Cut the bananas crosswise one-half inch thick, place on dish and sprinkle over them one tablespoonful of powdered sugar to four bananas, then add the juice of two oranges. Prepare two hours before using and set in a cool place. Woman's Exchange, Los Angeles, Cal.
Slice four ripe bananas in a glass dish and squeeze the juice of a large lemon over them. Then add a gill of ice water and one-half cupful of sugar. Let stand one-half hour in cold place. Delicious in hot weather.
Englataire Hotel, Havana.
Grate a loaf of dry bread in a basin, and pour over it one cupful of boiling milk. When cold mix in it the grated peel of two lemons and three well-beaten eggs. Add to this one-fourth pound of butter beaten to a cream with two-thirds of a cupful of powdered sugar. Butter some small cups, fill them with the mixture and bake for twenty minutes in a moderate oven. Turn the patties on a dish, pour over some sauce and serve. Mrs. Mary Baker Fish.
Into a double boiler pour a quart of rich milk, stirring into it gradually one cupful of grated sweet chocolate. Boil five minutes, stirring all the while; then pour into a pitcher and add a teaspoonful of vanilla and set on ice. Fill glasses one-half full with crushed ice, lay on top of the ice a teaspoonful of sugar and fill the glasses nearly full with the chocolate. Have ready some stiff whipped cream slightly sweetened. Place a generous spoonful on top of each glass and serve at once.
Mrs. Louise Alden.
Shave into a cup one ounce of chocolate and put the cup into a pan of boiling water. Make a paste the same as for chocolate eclairs, save instead that of one tablespoonful of sugar three must be used. As soon as the paste is cooked beat in the melted chocolate. When cold add the eggs and beat until light. Drop this batter on lightly buttered pans in round cakes, having about a dessert-spoonful in each cake. Bake for about twenty minutes in a moderately hot oven. Serve either hot or cold with whipped cream flavored with vanilla. Heap the cream in the center of a flat dish and arrange the profiteroles around it. Maria Parloa.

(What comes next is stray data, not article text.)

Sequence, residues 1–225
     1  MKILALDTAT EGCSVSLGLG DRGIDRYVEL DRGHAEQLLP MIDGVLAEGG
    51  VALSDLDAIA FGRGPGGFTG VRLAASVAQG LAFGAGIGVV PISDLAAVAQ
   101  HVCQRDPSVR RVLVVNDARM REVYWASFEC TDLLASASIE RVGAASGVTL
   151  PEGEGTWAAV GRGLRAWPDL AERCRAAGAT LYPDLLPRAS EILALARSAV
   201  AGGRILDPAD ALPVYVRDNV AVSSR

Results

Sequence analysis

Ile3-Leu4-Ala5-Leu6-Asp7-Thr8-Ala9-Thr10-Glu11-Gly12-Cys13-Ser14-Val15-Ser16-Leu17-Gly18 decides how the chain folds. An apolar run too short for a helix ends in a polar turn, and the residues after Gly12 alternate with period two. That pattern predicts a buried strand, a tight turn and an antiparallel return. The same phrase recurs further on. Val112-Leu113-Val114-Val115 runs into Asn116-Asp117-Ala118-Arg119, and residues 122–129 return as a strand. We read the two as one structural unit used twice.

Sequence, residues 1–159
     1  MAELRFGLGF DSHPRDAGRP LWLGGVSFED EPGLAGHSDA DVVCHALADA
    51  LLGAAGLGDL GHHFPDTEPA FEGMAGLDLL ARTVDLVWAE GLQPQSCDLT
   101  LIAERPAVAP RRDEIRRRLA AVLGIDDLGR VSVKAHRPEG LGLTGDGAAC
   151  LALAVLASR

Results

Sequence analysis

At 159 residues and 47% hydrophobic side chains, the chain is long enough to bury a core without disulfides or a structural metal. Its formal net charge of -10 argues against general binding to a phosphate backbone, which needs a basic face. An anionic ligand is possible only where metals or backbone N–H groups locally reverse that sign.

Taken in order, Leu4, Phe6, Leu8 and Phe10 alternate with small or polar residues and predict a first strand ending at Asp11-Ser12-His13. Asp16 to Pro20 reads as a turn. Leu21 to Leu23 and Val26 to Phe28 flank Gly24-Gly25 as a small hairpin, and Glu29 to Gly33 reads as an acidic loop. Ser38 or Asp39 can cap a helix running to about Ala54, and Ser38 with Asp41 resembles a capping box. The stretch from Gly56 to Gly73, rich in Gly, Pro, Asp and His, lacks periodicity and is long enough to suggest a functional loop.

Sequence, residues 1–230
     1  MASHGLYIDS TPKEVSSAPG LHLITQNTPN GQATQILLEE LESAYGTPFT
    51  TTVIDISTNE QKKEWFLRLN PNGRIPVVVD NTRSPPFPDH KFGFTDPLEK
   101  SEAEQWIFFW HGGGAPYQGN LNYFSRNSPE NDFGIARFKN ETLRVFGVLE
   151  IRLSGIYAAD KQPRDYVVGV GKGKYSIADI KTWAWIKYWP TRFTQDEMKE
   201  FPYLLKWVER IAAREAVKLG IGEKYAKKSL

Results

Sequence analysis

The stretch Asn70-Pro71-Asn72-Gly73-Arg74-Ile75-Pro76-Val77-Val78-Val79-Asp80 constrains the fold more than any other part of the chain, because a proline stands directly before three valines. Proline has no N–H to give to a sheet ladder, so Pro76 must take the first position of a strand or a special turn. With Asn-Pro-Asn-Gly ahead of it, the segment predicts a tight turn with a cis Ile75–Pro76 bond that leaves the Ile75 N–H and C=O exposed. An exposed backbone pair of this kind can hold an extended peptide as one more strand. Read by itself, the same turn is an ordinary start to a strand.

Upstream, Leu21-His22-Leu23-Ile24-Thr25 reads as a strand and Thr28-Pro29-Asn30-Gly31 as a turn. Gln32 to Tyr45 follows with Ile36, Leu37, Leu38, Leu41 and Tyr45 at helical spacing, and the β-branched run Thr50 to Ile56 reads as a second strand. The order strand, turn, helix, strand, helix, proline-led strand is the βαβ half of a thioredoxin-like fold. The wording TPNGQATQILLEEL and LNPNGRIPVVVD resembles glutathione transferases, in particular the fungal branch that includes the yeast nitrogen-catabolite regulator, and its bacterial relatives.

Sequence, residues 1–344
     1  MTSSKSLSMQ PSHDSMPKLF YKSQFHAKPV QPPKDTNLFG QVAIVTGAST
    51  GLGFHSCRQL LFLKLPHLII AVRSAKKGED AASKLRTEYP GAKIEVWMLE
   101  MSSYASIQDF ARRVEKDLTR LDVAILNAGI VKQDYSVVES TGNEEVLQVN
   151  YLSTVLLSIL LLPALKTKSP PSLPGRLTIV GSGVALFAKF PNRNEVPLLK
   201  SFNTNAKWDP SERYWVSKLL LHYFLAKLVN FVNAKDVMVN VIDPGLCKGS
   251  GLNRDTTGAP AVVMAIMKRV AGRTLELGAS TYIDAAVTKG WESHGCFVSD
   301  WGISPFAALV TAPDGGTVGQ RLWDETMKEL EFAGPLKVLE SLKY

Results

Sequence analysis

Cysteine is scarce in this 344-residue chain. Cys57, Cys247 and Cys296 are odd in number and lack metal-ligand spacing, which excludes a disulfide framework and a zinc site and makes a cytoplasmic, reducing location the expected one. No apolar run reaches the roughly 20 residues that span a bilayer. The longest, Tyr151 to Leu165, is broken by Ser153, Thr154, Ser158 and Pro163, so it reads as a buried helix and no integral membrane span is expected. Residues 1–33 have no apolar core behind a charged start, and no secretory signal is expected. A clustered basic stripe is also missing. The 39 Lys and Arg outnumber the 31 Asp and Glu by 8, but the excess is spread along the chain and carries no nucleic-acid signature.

Put a three-quart mold in a wooden pail, first lining the bottom with fine ice and a thin layer of coarse salt. Pack the space between the mold and the pail solidly with fine ice and coarse salt, using two quarts of salt and ice enough to fill the space. Whip one quart of cream and drain it in a sieve. Whip again all the cream that drains through. Put in a small pan one ounce of chocolate, three tablespoonfuls of sugar and one of boiling water and stir over a hot fire until smooth and glossy. Add three tablespoonfuls of cream. Sprinkle a cupful of powdered sugar over the whipped cream. Pour the chocolate in a thin stream, into the cream, and stir gently :until well mixed. Wipe out the chilled mold and turn the cream into it. Cover and then place a little ice lightly on top. Wet a piece of carpet in water and cover the top of the pail. Set away for three or four hours; then take the mold from the ice, dip it in cold water, wipe, and then turn the mousse out on a flat dish.
Crush three or four ounces of doubly-refined sugar to powder. Pour over it a few drops of strawberry juice and move the sugar about with the fingers until it is equally colored, then put the dish near the fire until it is quite dry. Peel one-half dozen ripe oranges, free them entirely from the thick white skin and thready parts but be very careful not to pierce the fruit itself. Roll the oranges in the colored sugar, arrange them neatly on a dish and garnish with sprigs of myrtle. Mrs. L. P. Choate.
Take as many oranges as desired, cutting off the tops; remove the juice and pulp and cut points around the edge of the opening. Mix the juice with shredded cocoanut and fill in the orange shells again putting a layer of cocoanut over the top. This makes a delightful ambrosia and a pretty-looking dessert for any light repast. C. W. Hamilton.
Stir two eggs into one-half pound of granulated sugar, add juice of two oranges and grated rind of one and butter size of a walnut. Cook over a slow fire, stirring constantly, till thick and clear like honey; then pour into custard cups which have had cold water in them, and set in the ice-box to cool. Serve with cream custard. Mrs. Minnie Jewel.
Roll into a thin sheet some rich puff paste. Cut out an oval piece and three rims to fit (see colored illustration). When baked spread the edges lightly with orange preserve or meringue, and press the rims one above the other on the oval piece. Decorate with meringue, return to a moderately heated oven for about five minutes, then fill the center with fresh sliced oranges well sugared. Mrs. Marion Lovewell.